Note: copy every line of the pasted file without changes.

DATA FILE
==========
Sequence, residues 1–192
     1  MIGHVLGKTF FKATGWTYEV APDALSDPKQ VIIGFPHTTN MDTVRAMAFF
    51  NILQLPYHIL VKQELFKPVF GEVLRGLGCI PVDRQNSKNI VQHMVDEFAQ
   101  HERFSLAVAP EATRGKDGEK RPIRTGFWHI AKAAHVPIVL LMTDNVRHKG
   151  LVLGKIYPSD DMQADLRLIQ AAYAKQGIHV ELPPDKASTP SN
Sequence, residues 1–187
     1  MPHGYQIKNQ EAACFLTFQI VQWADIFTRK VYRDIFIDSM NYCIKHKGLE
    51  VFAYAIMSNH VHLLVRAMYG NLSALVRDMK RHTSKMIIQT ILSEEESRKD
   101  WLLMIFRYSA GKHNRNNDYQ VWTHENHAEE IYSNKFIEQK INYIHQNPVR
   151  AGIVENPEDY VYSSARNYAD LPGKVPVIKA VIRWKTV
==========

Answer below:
Sequence, residues 1–192
     1  MIGHVLGKTF FKATGWTYEV APDALSDPKQ VIIGFPHTTN MDTVRAMAFF
    51  NILQLPYHIL VKQELFKPVF GEVLRGLGCI PVDRQNSKNI VQHMVDEFAQ
   101  HERFSLAVAP EATRGKDGEK RPIRTGFWHI AKAAHVPIVL LMTDNVRHKG
   151  LVLGKIYPSD DMQADLRLIQ AAYAKQGIHV ELPPDKASTP SN
Sequence, residues 1–187
     1  MPHGYQIKNQ EAACFLTFQI VQWADIFTRK VYRDIFIDSM NYCIKHKGLE
    51  VFAYAIMSNH VHLLVRAMYG NLSALVRDMK RHTSKMIIQT ILSEEESRKD
   101  WLLMIFRYSA GKHNRNNDYQ VWTHENHAEE IYSNKFIEQK INYIHQNPVR
   151  AGIVENPEDY VYSSARNYAD LPGKVPVIKA VIRWKTV